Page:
History: Early Life in Lincoln County

Panaca was established in 1864. Henry Sharp came to the Pahranagat Valley in 1865, and Pioche and Delamar were started in the 1870s.

Three or four generations back or more, the ancestors of many who live in Lincoln County today did not have nearly any of the modern conveniences which are so common to us today. These are creature comforts, as we like to call them, and we might feel we could not live at all without them. However, those distant ancestors of ours did live without them.

Take, for example, sources of light after dark. In most of our lifetimes, we cannot remember ever having to go on a regular daily basis without being able to just flip the switch and have the lights in the house turn on.

Yet, think what Great-Grandpa and Great-Grandma, say, maybe over a little over 100 years ago or so, had to do. Life in Lincoln County was tough to Great-Grandma. Her never-ending tasks of cleaning, cooking, weaving, sewing, gardening, tending the children and maybe a few head of cows accounted for a full day’s work, seven days a week.

It is often hard here in the 21st century to think back to how people in all parts of the county managed to get along without the many modern time- and effort-saving devices we have today. But, to their credit, they did.

The obvious question is, how would any of us today fare if we had to live in the same conditions from those of many decades ago?

Even some of the oldest residents of the county are amazed at the progress they have witnessed in their own lifetimes. Just ask them sometime.

The list of the modern conveniences which Great-Grandma and Grandpa did not have, and their parents before them, would be long if we could name them all.

However, here is just a short list of what Lincoln County did not have in, for instance, 1912. Very few folks had in-home hot and cold running water. Consider also indoor plumbing or even a toilet. The old wooden outhouse down the path out the back door served for a long time, and it was used in winter time, too.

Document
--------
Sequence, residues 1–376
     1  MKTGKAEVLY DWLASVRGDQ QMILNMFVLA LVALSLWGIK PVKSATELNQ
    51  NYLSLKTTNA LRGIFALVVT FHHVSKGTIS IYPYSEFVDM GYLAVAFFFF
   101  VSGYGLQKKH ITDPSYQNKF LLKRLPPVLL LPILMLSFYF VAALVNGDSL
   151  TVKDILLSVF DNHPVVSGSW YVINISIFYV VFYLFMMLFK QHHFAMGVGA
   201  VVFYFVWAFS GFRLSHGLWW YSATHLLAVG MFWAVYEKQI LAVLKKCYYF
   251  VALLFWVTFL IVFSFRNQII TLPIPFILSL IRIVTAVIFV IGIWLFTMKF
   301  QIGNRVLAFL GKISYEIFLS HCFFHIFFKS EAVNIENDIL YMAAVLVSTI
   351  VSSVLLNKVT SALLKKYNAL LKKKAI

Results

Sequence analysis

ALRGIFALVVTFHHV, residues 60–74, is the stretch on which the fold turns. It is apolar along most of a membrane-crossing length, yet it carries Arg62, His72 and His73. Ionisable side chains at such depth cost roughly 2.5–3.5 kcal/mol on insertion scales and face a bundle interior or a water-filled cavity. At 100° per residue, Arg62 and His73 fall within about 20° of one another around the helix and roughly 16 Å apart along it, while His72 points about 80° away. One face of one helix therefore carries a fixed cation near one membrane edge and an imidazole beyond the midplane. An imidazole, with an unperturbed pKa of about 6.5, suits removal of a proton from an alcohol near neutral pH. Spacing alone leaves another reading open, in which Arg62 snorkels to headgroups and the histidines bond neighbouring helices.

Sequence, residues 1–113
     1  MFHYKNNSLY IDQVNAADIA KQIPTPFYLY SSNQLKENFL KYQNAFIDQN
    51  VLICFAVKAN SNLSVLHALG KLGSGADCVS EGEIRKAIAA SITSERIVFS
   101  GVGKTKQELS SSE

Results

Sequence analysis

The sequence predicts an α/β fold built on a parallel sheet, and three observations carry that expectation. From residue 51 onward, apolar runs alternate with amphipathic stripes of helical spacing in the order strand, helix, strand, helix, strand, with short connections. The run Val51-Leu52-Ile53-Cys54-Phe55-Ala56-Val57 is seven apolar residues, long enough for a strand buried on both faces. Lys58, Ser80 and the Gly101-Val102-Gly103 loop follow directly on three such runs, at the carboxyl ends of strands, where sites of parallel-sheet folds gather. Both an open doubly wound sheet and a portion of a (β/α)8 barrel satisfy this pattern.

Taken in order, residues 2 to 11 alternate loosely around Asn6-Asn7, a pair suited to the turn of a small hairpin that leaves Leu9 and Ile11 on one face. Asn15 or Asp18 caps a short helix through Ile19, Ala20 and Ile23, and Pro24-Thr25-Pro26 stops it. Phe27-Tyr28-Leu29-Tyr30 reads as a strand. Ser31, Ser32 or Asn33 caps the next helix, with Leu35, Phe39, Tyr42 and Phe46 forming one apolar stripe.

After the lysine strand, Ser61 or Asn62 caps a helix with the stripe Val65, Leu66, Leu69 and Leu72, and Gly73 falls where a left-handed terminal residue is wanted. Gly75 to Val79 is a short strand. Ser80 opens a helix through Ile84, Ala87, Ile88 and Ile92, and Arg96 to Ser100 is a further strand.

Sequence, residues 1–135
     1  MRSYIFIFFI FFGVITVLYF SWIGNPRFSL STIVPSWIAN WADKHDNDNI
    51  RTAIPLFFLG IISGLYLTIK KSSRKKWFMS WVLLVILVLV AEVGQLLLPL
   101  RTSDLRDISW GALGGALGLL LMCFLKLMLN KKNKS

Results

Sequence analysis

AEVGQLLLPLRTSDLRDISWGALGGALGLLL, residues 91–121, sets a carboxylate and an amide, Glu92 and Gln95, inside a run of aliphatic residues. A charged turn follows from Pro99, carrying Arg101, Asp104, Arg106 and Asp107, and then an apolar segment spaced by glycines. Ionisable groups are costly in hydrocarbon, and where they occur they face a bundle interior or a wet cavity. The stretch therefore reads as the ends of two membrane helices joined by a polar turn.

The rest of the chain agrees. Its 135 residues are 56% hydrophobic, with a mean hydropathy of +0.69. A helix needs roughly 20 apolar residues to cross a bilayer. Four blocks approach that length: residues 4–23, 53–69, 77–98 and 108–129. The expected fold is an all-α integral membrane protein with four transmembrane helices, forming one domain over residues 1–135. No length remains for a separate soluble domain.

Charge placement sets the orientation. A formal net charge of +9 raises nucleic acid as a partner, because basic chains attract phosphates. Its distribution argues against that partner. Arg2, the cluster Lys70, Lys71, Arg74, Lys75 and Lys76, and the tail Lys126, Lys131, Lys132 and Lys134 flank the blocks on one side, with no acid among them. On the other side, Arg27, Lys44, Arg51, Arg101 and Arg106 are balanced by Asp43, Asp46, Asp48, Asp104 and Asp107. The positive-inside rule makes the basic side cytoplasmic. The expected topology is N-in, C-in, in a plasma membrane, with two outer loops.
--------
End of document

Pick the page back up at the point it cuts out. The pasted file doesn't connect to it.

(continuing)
There were no cars, no paved roads, no trucks, no airplanes, (certainly no Nellis Air Base), no city sewer system, no radios, no TV, no satellite dishes, no Wi-Fi, no VCRs, DVDs, no walkmans, no iPhones, no stereo headphones, no cell phones, no telephones, no fax machines, no answering machines, no computers, no online anything, and horror of horrors, no handheld video games and no texting! How did those poor souls exist?

And it took time to travel around to the various communities in the county. For example, going on horseback from Alamo to Caliente, Panaca or Pioche, or vice-versa, was nearly a three-day trip, so it wasn’t done very often. Today, of course, you can make the same trip by car in just over an hour (or less).

What was likely the most important convenience we have today that did not exist in the county at the time was electricity.

Just think of it. There was no electricity for public use anywhere in Lincoln County in those days. As time progressed, maybe a little generator here and there existed that supplied electric power to a few homes nearby, but certainly there was no large-scale operation. The Lincoln County Power District started in 1936, but that was only in the northern part. Electric power did not come into widespread use in Alamo, for example, until 1944.

Most of those who went off to WWII from a town that did not have electricity came back from overseas to a town that did have electricity. A modern marvel! But even that was not like we know it today.

There are so many differences in the way of life in Lincoln County now, as compared to life in yesteryear. It is important, then, to give credit where credit is due. The people then, many our ancestors, did the best they could with what they had, and they were the ones who brought about the progress that has resulted in the way of life we enjoy today. They faced the hardships, endured the difficulties, saw the future, and went for it.

Today, therefore, we must be thankful for what they did, for without it, there just might not be the communities we now know and love.

 

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